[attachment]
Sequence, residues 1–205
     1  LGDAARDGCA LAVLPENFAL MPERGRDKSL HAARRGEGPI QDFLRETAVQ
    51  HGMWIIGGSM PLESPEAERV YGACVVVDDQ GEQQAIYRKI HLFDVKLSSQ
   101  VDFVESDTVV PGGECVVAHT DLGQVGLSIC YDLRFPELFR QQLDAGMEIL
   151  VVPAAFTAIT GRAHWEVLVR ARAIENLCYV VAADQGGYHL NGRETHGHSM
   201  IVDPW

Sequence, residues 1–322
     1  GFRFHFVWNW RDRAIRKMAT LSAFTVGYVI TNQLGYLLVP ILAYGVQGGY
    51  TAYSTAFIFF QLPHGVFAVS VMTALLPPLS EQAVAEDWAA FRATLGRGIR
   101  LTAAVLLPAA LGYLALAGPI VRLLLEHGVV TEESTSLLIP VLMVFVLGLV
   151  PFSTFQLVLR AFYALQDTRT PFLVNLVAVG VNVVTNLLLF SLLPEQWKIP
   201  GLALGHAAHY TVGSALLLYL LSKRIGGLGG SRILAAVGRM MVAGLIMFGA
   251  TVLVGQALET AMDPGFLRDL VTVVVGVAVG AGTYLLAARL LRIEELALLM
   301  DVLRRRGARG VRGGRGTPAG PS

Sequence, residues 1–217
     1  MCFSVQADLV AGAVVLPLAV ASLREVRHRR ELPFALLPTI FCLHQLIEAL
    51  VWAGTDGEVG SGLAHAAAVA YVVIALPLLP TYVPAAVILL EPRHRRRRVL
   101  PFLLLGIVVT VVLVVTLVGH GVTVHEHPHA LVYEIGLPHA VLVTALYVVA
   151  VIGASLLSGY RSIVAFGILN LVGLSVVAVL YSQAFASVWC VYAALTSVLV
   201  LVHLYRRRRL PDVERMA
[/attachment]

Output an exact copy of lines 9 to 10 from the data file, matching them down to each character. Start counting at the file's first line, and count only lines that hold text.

    51  TAYSTAFIFF QLPHGVFAVS VMTALLPPLS EQAVAEDWAA FRATLGRGIR
   101  LTAAVLLPAA LGYLALAGPI VRLLLEHGVV TEESTSLLIP VLMVFVLGLV